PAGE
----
Is Loyalton DEAD?
A brutally honest consideration of the county’s only city.
As most everyone knows, Loyalton, on the southeast edge of the Sierra Valley, is a mill town. Though the little town was important in feeding the cities of the Comstock, it was a flyspeck until the mill as made it big.
Timber in the area began in earnest after the Comstock consumed the pinion forests of Nevada for fuel and timbers for the mines. The Lewis Brothers were logging near Loyalton in the 1880s; they bought up farm land around Loyalton. Loggers and mill workers in those days knew how to party, and drunkenness had been a problem in other area mills. The Brothers expanded the town to nearly 50 square miles and made it dry.
Today, Loyalton is about a third of a square mile. The population of the town is about 775 souls, and appears to be in a continual decline. For at least twenty years people have been asking, Is Loyalton Dead?
The question isn’t popular in the little town. Very few people live in Loyalton by accident; most people who live there love the town, and for good reason. Still, it’s a question some people ask themselves, and a subject they consider instead of sleep.
It should be a concern to everyone in the county, and clearly it is.
Who's job is it?
Loyalton is at the junction of four supervisor’s districts, thanks to a tangle of boundaries that do justice to the idea of the pattern left when someone about to put toothpaste on the brush is suddenly goosed. This comfortably makes the town an issue for most supervisors. Still, there isn’t much anyone can do, Loyalton is the largest town, the only city, the center of the county’s industrial zone and should be the economic powerhouse of the county.
Loyalton still employs most non-governmental workers, and harbors within its sphere of influence about a third the county’s population. Part of Loyalton’s poor prognosis is the fact that it doesn’t amount to much to be the economic powerhouse in a tiny, sparsely populated, poverty stricken county. By those standards, Loyalton represents the county.
Here are the data for the county, and for Loyalton: Sierra County Loyalton California Population 2000 3550 862 Population 2008 3,263 777 Change % -8 -9.8 8.5 Median Age 44 years 39 years 33.6 years Median Income $44,950 $39,750 $59,928 The data was assembled from several sources; data for the City of Loyalton is of poor quality. Figures represent values based on approximation using several sources
The data was assembled from several sources; data for the City of Loyalton is of poor quality. Figures represent values based on approximation using several sources
Figures for both the county and Loyalton tend to be easily distorted because of "small sample error" and other errors in measurement, but still figures show the area has a lower income and higher median age than the state.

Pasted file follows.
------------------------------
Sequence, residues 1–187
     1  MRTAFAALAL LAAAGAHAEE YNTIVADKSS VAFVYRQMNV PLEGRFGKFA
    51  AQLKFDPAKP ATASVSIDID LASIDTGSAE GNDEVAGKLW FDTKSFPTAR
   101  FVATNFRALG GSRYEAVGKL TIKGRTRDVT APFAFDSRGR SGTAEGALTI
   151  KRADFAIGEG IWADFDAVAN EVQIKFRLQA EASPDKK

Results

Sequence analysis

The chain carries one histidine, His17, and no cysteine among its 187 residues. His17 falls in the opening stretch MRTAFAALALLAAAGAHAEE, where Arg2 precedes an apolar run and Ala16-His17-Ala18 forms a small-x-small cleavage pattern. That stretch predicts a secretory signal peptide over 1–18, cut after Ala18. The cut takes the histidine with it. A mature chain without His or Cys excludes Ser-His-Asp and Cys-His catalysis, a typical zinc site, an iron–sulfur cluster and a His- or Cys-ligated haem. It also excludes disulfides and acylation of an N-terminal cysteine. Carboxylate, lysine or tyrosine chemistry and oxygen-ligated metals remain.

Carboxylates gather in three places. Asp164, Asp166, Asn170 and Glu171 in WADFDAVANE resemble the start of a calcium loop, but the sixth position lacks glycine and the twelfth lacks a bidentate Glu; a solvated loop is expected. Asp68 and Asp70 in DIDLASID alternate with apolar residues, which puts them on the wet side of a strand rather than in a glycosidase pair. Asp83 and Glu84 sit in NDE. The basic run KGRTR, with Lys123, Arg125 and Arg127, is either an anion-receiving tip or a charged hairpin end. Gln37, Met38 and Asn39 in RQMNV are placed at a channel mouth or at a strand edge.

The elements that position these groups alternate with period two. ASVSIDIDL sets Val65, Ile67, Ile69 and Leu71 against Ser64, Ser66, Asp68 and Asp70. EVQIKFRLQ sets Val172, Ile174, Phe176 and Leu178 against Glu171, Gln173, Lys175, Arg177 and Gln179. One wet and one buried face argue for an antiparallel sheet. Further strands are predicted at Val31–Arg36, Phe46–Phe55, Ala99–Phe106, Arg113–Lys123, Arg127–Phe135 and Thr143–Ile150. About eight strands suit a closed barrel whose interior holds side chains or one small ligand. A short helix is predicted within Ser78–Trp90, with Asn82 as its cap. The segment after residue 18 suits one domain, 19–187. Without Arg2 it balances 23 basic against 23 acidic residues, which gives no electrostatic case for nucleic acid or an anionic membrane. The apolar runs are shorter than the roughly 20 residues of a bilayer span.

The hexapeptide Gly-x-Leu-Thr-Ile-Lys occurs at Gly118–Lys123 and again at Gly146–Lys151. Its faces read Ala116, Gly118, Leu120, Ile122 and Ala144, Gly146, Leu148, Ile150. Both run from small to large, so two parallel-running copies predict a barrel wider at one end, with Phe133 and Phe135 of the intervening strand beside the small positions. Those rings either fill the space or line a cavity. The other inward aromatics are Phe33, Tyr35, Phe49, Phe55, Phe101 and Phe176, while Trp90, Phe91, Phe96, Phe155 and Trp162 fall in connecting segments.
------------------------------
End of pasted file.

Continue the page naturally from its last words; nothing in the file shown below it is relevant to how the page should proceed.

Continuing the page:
But, these figures hardly mean Loyalton is dead; it’s merely old and broke.
How Would We Know if Loyalton were Dead?
If no one lived in Loyalton, if there were no businesses, we could easily pronounce the city dead. But, if Loyalton is dead, it has a pretty lively corpse.
A brief review of the storefront businesses in Loyalton shows some doing well, and some clutching their chests. Even so, the town boasts:
There are a few vacant storefronts; probably fewer per capita than Truckee, which has been hard hit by the current recession. See HERE. Indeed, very few small towns have done well during this recession, as rural areas are often hit hardest by economic downturns. Further, Loyalton’s well being has always been tied to the lumber mill, which is not making boards since no one is building houses. These problems are not restricted to Loyalton.
If there were any measure which should alarm those who love Loyalton, it isn’t the low wages or struggling businesses, it’s the average age. Children are a community’s future, and a good indicator of its vitality. Loyalton, and the county, need children.
Loyalton’s poor health and older than average population, are related to being "far from anywhere." Loyalton traditionally provides workers to Reno, Portola, Truckee and Susanville/Herlong, but as gas prices rise and the unemployment rates of those places rise, local workers are discouraged from the commute. Commuters bring money in from outside.
When the primary means of economic growth was resource extraction, the town did well. Many Loyalton residents remember when men were in the woods and in the mill, and trucks powered logs in and lumber out of the mill. Turning trees to lumber and selling it brought money in from outside. That really isn’t likely to happen again, at least not at the scale it once did.
Given the distance from other population centers, the lack of a resource market to exploit, and no high tech infrastructure, it isn’t reasonable to expect Loyalton to do better than other small, rural towns.
Though Loyaltonians love the view, it isn’t really ever going to have the charm that Sierra City, Sierraville or Downieville have. Those communities are surrounded by green, near major recreation, and they aren’t doing that well either. The idea of Loyalton as a major draw for a golf course is so funny it's sad. Optimism is one thing, but market research is another.